For reasons quite unfathomable to Andrew, Phil is rather proud of the fact that he’s un peu francais.
Despite having a soupçon of French in him (on his father’s side) he displays no natural propensity for that tongue or any other come to that (indeed he frequently grapples with la langue maternelle).
Yes even he, with his Huguenot heritage, finds a little French schtick goes an awful long way.
A couple of excerpts from The Umbrellas of Cherbourg performed at the What’s On Stage Awards were enough to persuade the Whingers to give the Gielgud Theatre une très large couchette indeed. It just looked as if it might be too flippin’ French. Or, less insensitively, too flippin’ faux French – like being forced into a beret and tricolour culottes for a meal of horse meat in snail sauce while watching a Jerry Lewis movie.
And to be honest, it looked a bit, well, merde. And then we read this.
So unlike Baz Bamigboye (who according to the adverts is “dying to see it”) the Whingers had found themselves bearing a certain froideur vis-à-vis The Umbrellas of Cherbourg.
But tickets presented themselves and never being ones to look un cadeau cheval dans la bouche we thought, “Qui ne risque rien n’a rien”…
Kneehigh‘s version of the classic Jaques Demy 1964 film (music Michel Legrand) comes mostly courtesy of Emma Rice who has directed, adapted and choreographed it which sounds exhausting. What on earth is she on? No wonder she has cast a cabaret performer named after a stimulant, Meow Meow, to warm up the audience and guide them through it.
And it works a treat. Her newly added character – “Maîtresse” – clambers over the stalls (a tradition since Hair at the same theatre last year) to reach the stage and delivers an amusing introduction to Cherbourg (the French equivalent of Hull apparently) and to the show. Once we’re all nicely warmed up we’re introduced to the plot proper which is: 1957. Boy (American import Andrew Durand) Meets Girl (Carly Bawden). Girl Gets Pregnant. Boy Gets Called Up To Fight In Algiers. We won’t tell you the rest because, frankly, even we were surprised, and we’ve seen it all.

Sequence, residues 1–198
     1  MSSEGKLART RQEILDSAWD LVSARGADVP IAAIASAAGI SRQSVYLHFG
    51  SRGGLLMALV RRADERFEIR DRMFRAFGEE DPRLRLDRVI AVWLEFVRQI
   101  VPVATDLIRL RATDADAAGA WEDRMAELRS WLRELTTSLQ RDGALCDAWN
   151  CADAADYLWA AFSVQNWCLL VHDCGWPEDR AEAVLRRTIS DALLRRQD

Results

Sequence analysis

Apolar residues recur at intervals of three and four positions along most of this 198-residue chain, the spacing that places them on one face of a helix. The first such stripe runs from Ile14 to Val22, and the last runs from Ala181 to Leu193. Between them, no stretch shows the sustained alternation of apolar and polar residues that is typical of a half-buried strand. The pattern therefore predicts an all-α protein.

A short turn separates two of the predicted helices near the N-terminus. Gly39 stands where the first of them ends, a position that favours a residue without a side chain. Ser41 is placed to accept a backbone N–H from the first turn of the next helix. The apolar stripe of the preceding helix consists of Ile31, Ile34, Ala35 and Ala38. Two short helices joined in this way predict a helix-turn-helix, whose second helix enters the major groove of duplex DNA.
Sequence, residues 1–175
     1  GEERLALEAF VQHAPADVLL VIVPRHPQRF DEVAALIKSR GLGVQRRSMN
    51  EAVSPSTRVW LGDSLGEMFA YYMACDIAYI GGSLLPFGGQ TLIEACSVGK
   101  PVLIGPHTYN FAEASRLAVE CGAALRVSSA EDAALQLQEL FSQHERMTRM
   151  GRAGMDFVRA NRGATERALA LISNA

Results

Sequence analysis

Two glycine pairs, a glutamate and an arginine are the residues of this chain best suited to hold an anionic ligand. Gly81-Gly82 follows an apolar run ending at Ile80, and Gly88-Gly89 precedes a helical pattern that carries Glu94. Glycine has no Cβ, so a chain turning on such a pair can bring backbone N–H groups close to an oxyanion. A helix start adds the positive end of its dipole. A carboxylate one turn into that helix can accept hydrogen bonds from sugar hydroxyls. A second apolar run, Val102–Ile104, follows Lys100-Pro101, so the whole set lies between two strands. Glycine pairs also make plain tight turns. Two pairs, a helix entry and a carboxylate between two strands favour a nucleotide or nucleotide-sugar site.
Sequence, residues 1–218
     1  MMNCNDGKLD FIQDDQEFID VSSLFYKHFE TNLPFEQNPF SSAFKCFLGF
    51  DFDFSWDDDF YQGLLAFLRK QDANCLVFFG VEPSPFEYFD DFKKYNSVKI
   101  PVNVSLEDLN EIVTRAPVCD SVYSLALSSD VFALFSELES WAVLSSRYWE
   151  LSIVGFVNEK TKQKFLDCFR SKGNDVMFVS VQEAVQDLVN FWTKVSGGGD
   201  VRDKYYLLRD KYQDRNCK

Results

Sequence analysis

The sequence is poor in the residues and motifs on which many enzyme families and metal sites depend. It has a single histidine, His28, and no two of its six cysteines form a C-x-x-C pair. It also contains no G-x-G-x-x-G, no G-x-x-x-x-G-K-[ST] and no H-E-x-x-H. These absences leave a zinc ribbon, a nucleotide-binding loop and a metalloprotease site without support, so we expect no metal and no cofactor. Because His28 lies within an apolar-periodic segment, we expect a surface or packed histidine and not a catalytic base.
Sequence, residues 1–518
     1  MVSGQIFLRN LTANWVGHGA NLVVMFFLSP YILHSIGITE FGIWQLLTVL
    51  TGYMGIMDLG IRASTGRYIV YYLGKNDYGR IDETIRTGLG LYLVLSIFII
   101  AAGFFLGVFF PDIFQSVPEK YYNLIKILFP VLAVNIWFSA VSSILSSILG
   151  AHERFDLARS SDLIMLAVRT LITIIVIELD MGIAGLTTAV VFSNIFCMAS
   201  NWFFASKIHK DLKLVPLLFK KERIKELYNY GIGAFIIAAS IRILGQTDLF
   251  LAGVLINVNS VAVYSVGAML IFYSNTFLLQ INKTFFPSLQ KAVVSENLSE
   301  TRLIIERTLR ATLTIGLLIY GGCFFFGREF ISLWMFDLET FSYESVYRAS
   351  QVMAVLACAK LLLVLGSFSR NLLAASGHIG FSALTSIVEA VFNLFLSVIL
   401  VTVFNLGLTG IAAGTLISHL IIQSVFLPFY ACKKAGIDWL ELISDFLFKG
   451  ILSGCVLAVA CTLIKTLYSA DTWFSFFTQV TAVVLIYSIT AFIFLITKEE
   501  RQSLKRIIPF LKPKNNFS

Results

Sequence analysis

Now we have to warn you that it’s rather unusual musical fare: the plot proper is completely sung-through and is practically all dialogue (as opposed to lyrics). While it lacks the singalong aspect of verse-chorus-verse of traditional musical theatre it has the benefit of making every moment count. The words are dropped into the melodies wherever they best fit meaning that there are snatches of melody which remain unsung. Some people may find it a trifle éprouvant. But the Whingers (who have no time whatsoever for recitative) found themselves enrapt.
It is quite sensationnel to look at (design: Lez Brotherston) and the sound (Simon Baker) is as clear as a cloche – you can hear almost every word of every song. The orchestrations (Legrand himself) are exquis. There’s a harp! And who can fail to be swept away by THAT theme.
It also features an excellent Joanna Riding as the girl’s mother, the owner of the titular umbrella shop.
The Whingers were so transported that Andrew stopped fretting about the bad luck that would ensue from putting all those umbrellas up indoors. Phil even enjoyed a dance number involving balloons. Heck, they could have danced on his other theatrical bête noire, a park bench, and he wouldn’t have cared a jot. There is even a balloon utilised as a metaphor, rather amusingly as it turns out. Phil remained completely sang froid about the whole ballon thing.
We didn’t even mind the gratuitous tacking on of Legrand’s “Di-Gue-Ding-Ding” to cheer people up, the pointless gender-blind casting of Aunt Elise or even the interpolation of a song in French from Meow Meow (“Sans Toi” from the film Cleo de 5 a 7) which brought everything to a standstill (indeed, this was actually a highlight for Phil).
Both Whingers rather embarrassingly confessed to being “moved” at the end of the show. Mon Dieu!
TUOC will no doubt polarise opinion: several perplexed couples were spotted leaving at the interval. You will probably either love or hate it. Pure theatrical Marmite.
Phil thought it was very clever that they had even themed some of the staff. “Are you putting the accent on?” he asked the charming woman selling programmes in the foyer. “No I’m really French” she replied. “How clever of them” Phil retorted. “No” she continued “I was here long before zees show”.